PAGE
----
The Los Angeles Kings possess the eighth overall pick following the 2021 NHL Draft Lottery, where they didn’t move up or down in the draft order. LA is known for having one of the deepest prospect pipelines in the NHL. The pinnacle of the pipeline is 2020 second overall pick, Quinton Byfield. Second on the depth chart is 2019’s fifth overall pick Alex Turcotte, who alongside Byfield will be a great one-two punch at center. Further notable center prospects include Rasmus Kupari, Tyler Madden, and Akil Thomas. The duo of 21-year-old rookie centers Gabriel Vilardi and Jaret Anderson-Dolan, who recently both nabbed a gold medal in the 2021 World Championship, provide the Kings with one of the brightest up-and-coming center lineups in the entire NHL.
Overall, drafting more centers isn’t the Kings’ prerogative. However, a priority for the team should be adding a winger. Aside from the sharpshooting Arthur Kaliyev and Samuel Fagemo, the Kings don’t have many top-notch winger prospects. With that in mind, should Los Angeles opt to draft a forward, they should preferably select a winger.
Dylan Guenther, Right Winger, Edmonton Oil Kings (WHL)
The Kings are in need of wingers, and Guenther could be an effective winger in a few years. In 2020-21, he had an offensive explosion, scoring 12 goals and adding 12 assists in just 12 games played. This gave him an incredible 2 points per game (P/G). He fits LA’s needs perfectly and is projected to be picked around eighth overall.
- NHL Central Scouting: 5th (amongst NA skaters)
- FC Hockey: 9th
- The Hockey Writers (Forbes): 11th
- The Hockey Writers (Baracchini): 7th
- The Hockey Writers (Zator): 13th
- Sportsnet (Cosentino): 4th
Prior to the WHL season, he was loaned to the Sherwood Park Crusaders of the Alberta Junior Hockey League, where he posted five points in four games played, including scoring three goals. Known for his scoring prowess, his ability to dish the puck and his strong transitional game, he’d fit in with numerous Kings prospects. For example, Turcotte plays a quick-paced game and excels at moving the puck; perhaps they could form a deadly duo together.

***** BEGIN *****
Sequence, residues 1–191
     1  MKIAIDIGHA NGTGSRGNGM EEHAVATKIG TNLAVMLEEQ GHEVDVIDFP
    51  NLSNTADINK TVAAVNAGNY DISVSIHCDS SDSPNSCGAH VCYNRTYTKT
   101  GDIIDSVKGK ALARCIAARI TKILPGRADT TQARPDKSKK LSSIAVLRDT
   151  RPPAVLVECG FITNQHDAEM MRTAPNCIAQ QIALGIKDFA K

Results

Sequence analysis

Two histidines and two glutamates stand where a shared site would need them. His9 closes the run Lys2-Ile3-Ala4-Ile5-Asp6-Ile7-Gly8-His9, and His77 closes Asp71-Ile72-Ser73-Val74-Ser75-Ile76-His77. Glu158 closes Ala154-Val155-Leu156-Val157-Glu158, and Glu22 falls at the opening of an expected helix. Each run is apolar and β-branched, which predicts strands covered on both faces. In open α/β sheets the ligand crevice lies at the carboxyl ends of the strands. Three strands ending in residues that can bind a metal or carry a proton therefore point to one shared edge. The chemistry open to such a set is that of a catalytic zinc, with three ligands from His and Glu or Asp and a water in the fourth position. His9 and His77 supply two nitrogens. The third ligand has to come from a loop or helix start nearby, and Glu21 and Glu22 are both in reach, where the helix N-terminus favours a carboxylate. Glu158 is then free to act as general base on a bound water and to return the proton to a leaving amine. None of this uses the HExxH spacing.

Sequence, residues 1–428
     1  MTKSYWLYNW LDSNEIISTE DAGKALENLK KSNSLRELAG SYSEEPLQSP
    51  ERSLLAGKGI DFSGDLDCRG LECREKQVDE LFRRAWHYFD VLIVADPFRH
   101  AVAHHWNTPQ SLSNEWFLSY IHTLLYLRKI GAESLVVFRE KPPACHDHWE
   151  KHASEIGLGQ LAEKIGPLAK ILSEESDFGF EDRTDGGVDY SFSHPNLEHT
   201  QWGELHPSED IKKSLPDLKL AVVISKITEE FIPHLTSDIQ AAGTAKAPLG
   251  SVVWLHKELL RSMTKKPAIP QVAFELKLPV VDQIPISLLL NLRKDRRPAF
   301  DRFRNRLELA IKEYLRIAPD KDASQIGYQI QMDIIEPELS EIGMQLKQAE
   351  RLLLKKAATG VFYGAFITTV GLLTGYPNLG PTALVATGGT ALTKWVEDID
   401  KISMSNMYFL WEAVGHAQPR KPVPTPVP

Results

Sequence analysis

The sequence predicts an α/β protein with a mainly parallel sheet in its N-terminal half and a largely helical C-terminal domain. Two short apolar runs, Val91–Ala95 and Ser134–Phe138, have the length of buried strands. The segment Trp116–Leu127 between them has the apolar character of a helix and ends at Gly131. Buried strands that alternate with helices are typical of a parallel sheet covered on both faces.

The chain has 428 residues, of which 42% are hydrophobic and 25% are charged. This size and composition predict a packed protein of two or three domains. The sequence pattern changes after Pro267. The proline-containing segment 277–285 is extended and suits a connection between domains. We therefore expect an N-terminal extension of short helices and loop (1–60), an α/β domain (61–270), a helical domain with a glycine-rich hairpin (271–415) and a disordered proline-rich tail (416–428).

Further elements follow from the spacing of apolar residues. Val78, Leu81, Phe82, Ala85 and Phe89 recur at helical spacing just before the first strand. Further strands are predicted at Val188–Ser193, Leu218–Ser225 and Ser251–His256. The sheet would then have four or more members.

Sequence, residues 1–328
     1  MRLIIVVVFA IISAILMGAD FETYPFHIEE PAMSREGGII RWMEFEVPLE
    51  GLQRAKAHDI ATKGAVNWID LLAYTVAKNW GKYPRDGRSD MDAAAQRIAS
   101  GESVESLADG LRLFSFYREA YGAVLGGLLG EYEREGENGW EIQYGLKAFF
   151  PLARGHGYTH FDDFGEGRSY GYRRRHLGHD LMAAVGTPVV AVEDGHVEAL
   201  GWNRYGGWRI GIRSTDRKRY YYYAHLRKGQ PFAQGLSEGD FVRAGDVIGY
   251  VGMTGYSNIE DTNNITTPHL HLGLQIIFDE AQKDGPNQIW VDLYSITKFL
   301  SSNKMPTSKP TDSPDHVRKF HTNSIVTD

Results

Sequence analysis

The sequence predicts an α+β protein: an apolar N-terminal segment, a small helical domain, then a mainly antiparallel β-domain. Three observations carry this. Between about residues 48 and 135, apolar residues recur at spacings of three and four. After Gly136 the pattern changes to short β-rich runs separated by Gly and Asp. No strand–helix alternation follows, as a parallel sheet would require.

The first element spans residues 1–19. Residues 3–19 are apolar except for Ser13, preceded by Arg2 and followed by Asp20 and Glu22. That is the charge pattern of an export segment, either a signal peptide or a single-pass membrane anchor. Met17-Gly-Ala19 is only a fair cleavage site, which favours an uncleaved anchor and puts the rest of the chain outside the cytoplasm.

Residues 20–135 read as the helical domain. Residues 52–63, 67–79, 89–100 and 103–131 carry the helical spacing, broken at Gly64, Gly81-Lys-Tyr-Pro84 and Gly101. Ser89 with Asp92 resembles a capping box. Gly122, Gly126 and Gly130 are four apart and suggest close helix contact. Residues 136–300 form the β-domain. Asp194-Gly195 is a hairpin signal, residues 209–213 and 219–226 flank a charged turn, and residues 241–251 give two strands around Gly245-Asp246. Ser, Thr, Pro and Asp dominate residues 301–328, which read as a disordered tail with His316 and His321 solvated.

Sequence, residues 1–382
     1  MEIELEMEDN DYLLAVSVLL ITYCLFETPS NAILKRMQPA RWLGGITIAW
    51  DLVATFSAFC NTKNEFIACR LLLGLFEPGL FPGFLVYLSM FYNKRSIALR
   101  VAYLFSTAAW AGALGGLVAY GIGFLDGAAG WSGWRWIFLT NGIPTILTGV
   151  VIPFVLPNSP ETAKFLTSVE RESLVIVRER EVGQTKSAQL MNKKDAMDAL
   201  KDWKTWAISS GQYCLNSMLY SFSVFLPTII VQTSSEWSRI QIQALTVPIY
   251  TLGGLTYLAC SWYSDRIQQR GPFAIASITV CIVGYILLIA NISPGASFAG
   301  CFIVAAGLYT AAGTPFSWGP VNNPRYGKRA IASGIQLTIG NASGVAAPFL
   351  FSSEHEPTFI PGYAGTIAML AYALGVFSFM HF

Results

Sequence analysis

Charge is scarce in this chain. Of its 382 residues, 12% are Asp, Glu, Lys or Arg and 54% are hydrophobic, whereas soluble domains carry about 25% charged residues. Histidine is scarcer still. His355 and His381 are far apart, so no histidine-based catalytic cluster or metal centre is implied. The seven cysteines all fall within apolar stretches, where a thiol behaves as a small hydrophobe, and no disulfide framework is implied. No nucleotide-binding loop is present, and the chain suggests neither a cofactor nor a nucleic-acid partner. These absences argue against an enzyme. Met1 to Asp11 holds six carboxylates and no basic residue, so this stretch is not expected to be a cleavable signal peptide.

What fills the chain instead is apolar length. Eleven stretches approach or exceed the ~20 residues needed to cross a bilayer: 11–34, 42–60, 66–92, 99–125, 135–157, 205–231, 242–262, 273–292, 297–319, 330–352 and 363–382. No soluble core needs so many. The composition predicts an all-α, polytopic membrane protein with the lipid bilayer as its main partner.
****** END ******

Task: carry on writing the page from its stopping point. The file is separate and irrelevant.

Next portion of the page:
“One thing of note is that [Guenther] has added nearly 20 pounds from last season without a decrease in agility or acceleration, and he remains difficult to contain in the neutral zone. Whether Guenther’s frequent positioning in unchecked danger areas is a tribute to either his anticipation or speed (or both), the fact remains that the kid always seems one, two, or even three steps ahead of his closest opponent. He’s in open ice a ton and displays smoothness and fluidity no matter the game speed he’s operating at”.Steve Kournianos, The Draft Analyst
Kent Johnson, Center/Left Winger, University of Michigan Wolverines (NCAA)
Although he mainly is a center, Johnson has also played as a left winger before. He is a player who is by most projections expected to go around seventh or eighth overall. If he’s available at eighth, he’d be the most highly touted forward available at that pick. Some high estimates place him as high as third overall. However, the Kings could afford to draft a natural winger who fills a positional need rather than him due to their deep prospect pool.
- FC Hockey: 8th
- The Hockey Writers (Forbes): 7th
- The Hockey Writers (Zator): 3rd
- Sportsnet (Cosentino): 8th
Johnson plays for the stacked University of Michigan Wolverines team with the likes of the projected number one and two overall picks in this year’s draft, Owen Power and Matthew Beniers. Johnson is impressive in his own right and the 18-year-old posted 27 points in 26 games with Michigan. Although 15 of Jonson’s 27 points were secondary assists, he had an outstanding freshman season with the Wolverines. Steve Kournianos projects Johnson to be a “top-line scoring winger similar to Nikolaj Ehlers or Artemi Panarin”, which is very high praise.
Johnson’s 2019-20 campaign in the British Columbia Hockey League highlights how dominant he can be. The Port Moody native was named the league’s MVP because he cracked the 100-point plateau with 101 points. The only other player to accomplish the feat since 2015-16 is Alex Newhook. Additionally, he took home hardware as the BCHL’s most sportsmanlike player. The next highest scoring player in 2019-20 posted 71 points, meaning he posted 30 more points than any other player.
William Eklund, Centre/Left Winger, Djurgarden (SHL)
The main downside in drafting Eklund is that he is only 5-foot-10. Although the NHL is shifting towards being a league more focused on skill and speed, size and physicality are still important traits, especially come playoffs. Despite his size, he isn’t afraid to play in the dirty areas of the ice. One such instance of him capitalizing from in front of the net is below.
The top-rated international player by NHL Central Scouting, Eklund may not be available when the Kings are selecting. Dobber Prospects projected him as the second overall pick in their March rankings. In that same projection, Eklund is described as: